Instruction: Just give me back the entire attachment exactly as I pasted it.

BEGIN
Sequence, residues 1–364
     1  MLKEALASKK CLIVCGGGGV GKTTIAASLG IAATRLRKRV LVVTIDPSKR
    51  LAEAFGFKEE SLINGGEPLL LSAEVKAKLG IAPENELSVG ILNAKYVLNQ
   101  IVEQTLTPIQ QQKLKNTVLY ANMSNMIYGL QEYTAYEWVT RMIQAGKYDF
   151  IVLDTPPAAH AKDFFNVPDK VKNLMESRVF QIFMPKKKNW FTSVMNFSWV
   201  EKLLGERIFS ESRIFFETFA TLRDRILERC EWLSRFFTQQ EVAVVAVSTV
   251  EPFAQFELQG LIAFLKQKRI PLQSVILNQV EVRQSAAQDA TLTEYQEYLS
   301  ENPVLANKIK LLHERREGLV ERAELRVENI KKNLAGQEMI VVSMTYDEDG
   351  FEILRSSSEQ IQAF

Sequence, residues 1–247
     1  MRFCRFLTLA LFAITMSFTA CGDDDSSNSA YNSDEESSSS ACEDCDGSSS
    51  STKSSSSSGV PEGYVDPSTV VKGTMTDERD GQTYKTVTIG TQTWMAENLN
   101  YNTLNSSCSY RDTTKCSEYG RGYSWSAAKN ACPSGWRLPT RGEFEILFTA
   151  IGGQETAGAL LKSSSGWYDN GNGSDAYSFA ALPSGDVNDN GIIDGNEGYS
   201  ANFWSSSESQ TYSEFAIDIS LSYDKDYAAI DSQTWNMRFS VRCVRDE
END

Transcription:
Sequence, residues 1–364
     1  MLKEALASKK CLIVCGGGGV GKTTIAASLG IAATRLRKRV LVVTIDPSKR
    51  LAEAFGFKEE SLINGGEPLL LSAEVKAKLG IAPENELSVG ILNAKYVLNQ
   101  IVEQTLTPIQ QQKLKNTVLY ANMSNMIYGL QEYTAYEWVT RMIQAGKYDF
   151  IVLDTPPAAH AKDFFNVPDK VKNLMESRVF QIFMPKKKNW FTSVMNFSWV
   201  EKLLGERIFS ESRIFFETFA TLRDRILERC EWLSRFFTQQ EVAVVAVSTV
   251  EPFAQFELQG LIAFLKQKRI PLQSVILNQV EVRQSAAQDA TLTEYQEYLS
   301  ENPVLANKIK LLHERREGLV ERAELRVENI KKNLAGQEMI VVSMTYDEDG
   351  FEILRSSSEQ IQAF

Sequence, residues 1–247
     1  MRFCRFLTLA LFAITMSFTA CGDDDSSNSA YNSDEESSSS ACEDCDGSSS
    51  STKSSSSSGV PEGYVDPSTV VKGTMTDERD GQTYKTVTIG TQTWMAENLN
   101  YNTLNSSCSY RDTTKCSEYG RGYSWSAAKN ACPSGWRLPT RGEFEILFTA
   151  IGGQETAGAL LKSSSGWYDN GNGSDAYSFA ALPSGDVNDN GIIDGNEGYS
   201  ANFWSSSESQ TYSEFAIDIS LSYDKDYAAI DSQTWNMRFS VRCVRDE